This will be a relatively short post, but a pretty important one that coincides with The Definitive Guide To Strength Training At Home. As your training progresses you naturally start to experiment with new/different exercises. You continue to get stronger, logging your workouts and then you hit a plateau. What happened? In my case I usually ended up dropping a movement that I didn’t really think was too important and low and behold, training and strength suffers. It happened most recently when I dropped out my adjustable dumbbell work for some heavier barbell movements. Strength off the chest decreased and so did my bench. Another thing that usually sends my squat/pull into the hole is a lack of core strength. I do a lot of squatting and pulling variations without a belt as assistance work, when I get lazy I usually drop the direct ab stuff and after a month of that I find myself folding over in the hole. One of the biggest bang for your buck ab exercises that I do/have done is something so simple that you tend to even forget it’s there….the ab roller.
Should I buy an ab roller?
For less than $20 this is a no brainer, YES you should have some sort of ab roller or ab wheel ( we are talking about a wheel with two handles not that weight thing that holds your head up). Think of this exercise as a plank on steroids. Nothing gets my core stronger faster than adding this exercise in twice a week for multiple sets and reps.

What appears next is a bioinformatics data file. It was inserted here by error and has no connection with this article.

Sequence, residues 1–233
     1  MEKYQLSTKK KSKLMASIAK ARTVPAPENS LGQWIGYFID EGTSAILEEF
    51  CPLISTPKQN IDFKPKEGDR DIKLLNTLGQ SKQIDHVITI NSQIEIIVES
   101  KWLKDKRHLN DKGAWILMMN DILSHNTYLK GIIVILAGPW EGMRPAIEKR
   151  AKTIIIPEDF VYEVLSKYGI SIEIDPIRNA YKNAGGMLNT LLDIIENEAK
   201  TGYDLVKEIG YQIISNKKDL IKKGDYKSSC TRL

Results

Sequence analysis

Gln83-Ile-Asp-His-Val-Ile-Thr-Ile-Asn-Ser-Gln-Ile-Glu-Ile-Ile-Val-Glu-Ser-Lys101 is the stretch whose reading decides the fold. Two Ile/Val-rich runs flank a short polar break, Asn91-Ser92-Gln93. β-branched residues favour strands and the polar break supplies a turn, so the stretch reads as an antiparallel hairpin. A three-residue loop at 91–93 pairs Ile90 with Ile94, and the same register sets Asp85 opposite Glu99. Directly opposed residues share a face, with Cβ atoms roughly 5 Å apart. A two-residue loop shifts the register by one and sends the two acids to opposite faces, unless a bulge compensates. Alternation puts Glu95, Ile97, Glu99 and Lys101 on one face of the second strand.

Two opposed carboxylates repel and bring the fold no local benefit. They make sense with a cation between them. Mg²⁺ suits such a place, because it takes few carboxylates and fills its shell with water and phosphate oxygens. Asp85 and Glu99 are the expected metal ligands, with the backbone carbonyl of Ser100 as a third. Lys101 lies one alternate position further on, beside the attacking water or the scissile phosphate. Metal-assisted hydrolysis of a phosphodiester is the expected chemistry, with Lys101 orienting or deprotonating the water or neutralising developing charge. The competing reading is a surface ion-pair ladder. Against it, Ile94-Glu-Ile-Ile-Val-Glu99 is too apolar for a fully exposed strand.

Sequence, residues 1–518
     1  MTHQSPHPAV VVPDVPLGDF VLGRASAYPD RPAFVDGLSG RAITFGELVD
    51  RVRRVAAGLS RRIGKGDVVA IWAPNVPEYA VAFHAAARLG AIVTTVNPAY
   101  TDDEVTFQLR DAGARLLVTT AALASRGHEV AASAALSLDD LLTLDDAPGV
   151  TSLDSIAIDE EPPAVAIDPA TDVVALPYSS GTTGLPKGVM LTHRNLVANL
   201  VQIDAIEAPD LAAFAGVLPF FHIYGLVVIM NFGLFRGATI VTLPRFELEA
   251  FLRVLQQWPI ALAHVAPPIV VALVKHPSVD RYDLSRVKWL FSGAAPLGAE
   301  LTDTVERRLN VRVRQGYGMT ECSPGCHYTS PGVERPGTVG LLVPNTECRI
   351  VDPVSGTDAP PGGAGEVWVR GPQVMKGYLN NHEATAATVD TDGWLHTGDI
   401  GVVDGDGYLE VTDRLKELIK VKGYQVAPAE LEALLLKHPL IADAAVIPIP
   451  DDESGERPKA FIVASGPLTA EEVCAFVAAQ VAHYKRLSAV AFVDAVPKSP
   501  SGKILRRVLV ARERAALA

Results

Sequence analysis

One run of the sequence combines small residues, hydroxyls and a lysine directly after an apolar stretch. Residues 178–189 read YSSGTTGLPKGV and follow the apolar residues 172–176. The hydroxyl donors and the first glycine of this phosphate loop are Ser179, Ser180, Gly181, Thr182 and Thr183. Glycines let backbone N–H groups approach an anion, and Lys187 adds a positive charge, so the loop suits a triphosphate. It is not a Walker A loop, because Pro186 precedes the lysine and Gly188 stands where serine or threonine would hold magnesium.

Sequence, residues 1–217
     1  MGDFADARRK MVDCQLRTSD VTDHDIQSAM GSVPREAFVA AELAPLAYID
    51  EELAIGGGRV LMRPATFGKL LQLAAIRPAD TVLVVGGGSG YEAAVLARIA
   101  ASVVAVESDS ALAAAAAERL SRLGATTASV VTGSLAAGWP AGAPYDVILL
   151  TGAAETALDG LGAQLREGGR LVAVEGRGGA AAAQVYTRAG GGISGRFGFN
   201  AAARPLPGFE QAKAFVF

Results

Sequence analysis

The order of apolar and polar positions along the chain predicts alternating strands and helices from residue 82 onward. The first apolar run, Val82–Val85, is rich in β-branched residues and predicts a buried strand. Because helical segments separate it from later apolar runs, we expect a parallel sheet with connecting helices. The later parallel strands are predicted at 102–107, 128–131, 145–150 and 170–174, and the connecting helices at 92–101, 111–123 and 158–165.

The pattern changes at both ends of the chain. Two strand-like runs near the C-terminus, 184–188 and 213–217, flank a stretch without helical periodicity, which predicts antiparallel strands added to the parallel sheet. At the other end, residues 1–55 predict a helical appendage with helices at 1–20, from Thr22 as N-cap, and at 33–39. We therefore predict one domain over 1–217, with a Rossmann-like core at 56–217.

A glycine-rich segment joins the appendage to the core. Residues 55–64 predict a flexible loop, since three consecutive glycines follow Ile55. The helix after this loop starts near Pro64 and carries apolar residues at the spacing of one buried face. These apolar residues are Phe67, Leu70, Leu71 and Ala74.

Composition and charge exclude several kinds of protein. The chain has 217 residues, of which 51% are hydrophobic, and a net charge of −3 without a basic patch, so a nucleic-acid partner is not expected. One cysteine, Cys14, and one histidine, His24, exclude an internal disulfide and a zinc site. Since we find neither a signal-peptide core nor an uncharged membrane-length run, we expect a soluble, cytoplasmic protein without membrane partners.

Is it SAFE?
The good old fashioned ab wheel roller does come with some safety issues. It tends to be rough on your back if you go into hyperextension. The best way to avoid this is to keep your stomach braced and roll out and stop before you feel any discomfort. The range of motion doesn’t need to be crazy as you should be bracing the entire time. I like to do more sets and few reps because of this, fatigue sets in slower and keeps me in a good position.
The other issue that I suffer from is wrist pain. I need to wrap up my wrists when I do anything that involves me supporting my own bodyweight with my hands. There are two other options to dealing with wrist pain and they deal with the design of the ab device itself.
Using an old gym scooter (the kind you used to ride on during PE class) has helped my wrists because I can keep my hands further apart. The alternative to this is finding an ab wheel with ergonomic grips such as the Perfect Fitness Ab Carver
Regardless of how you choose to perform this exercise, it’s definitely made a difference in my strength training and my lifts.
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